24 May 2013
A healthy heart message has been spread to residents in Tower Hamlets through the ‘In a Heart Beat’ programme, run by Centre of the Cell, Queen Mary’s award-winning science education centre on Newark Street, Whitechapel.
The Year 9 school children have been involved in the ‘In a Heart Beat’ workshops, learning about the heart and the amazing way it works, through the use of ‘pumping heart’ models and other fun activities.
They experimented by taking their resting and working heart rates, and learnt how and why their heart rates change during exercise. They explored the function of the heart, Coronary Heart Disease and its risk factors, and the negative impact of lifestyle choices, such as smoking, chewing tobacco and poor diet.
Tower Hamlets, which has a high proportion of black and minority ethnic residents who are more at risk of heart disease, is also home to the unique experience of the ‘Centre of the Cell’ interactive pod – suspended above the biomedical laboratories of the Blizard Institute, which is part of Queen Mary’s medical school.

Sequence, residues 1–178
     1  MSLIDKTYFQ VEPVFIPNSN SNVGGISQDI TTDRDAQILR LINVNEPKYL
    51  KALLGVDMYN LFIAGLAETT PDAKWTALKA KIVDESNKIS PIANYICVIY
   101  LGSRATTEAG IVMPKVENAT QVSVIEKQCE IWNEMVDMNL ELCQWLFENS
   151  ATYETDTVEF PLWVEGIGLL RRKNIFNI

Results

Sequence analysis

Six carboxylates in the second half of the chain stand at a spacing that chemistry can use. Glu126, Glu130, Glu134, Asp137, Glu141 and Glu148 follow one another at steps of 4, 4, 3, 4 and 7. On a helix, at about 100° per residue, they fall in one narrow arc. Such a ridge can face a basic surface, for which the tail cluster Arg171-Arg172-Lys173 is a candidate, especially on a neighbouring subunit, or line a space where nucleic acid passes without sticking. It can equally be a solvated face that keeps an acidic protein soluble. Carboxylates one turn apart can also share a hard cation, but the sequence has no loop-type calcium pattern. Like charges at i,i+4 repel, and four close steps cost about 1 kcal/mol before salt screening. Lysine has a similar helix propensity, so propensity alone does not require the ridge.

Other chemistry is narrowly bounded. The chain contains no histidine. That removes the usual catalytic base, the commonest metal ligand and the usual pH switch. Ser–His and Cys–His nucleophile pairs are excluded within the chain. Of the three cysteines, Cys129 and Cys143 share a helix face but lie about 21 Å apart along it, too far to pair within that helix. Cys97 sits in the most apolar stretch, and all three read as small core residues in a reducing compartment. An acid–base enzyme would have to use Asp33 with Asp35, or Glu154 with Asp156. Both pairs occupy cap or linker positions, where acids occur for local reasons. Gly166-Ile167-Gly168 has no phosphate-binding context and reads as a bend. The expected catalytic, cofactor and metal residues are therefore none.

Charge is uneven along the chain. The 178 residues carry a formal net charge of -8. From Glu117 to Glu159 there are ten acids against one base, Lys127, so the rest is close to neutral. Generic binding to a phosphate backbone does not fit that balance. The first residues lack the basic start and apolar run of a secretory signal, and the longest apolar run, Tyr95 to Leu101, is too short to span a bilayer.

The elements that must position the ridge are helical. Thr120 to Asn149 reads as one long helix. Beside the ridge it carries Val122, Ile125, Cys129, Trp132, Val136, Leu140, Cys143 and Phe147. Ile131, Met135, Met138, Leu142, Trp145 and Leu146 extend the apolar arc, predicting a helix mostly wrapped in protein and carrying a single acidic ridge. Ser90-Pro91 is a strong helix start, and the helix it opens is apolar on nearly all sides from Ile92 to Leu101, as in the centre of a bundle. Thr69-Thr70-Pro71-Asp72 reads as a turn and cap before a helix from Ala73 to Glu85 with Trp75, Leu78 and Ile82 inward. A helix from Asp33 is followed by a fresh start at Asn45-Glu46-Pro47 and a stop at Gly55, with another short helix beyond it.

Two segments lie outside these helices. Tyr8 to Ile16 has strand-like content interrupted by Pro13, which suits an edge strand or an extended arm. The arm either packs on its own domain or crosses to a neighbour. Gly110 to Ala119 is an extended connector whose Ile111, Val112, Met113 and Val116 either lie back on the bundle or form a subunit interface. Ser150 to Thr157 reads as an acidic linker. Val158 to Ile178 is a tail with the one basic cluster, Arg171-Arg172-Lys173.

‘In a Heart Beat’ workshops have been delivered to four school groups of 11-year-old pupils and three community groups in Tower Hamlets after a £9,300 grant from HRUK to Centre of the Cell. As the project draws to a close, some 300 school children, teachers and members of community groups who are at risk of developing heart disease, will have been motivated to make heart healthy changes to their lifestyles.
Umme Aysha, Tower Hamlets Outreach Officer at Centre of the Cell, says: “We are delighted to be working in partnership with Heart Research UK to deliver this project in our community. The children have really enjoyed visiting the pod at the Centre of the Cell. Through these workshops in their schools, they’re having more fun and are learning the importance of keeping a healthy heart, making changes to their lifestyles for the better.”
Barbara Harpham, National Director at Heart Research UK, says: “It’s great that HRUK can help the hearts of the Tower Hamlets community through this innovative project. People need to be more aware how important it is to lead a healthy lifestyle so they can live healthier, happier, longer lives. Projects like this are a fantastic way of focusing on heart health in an interactive, inspiring and accessible way.”
For media information, contact:Joel Winston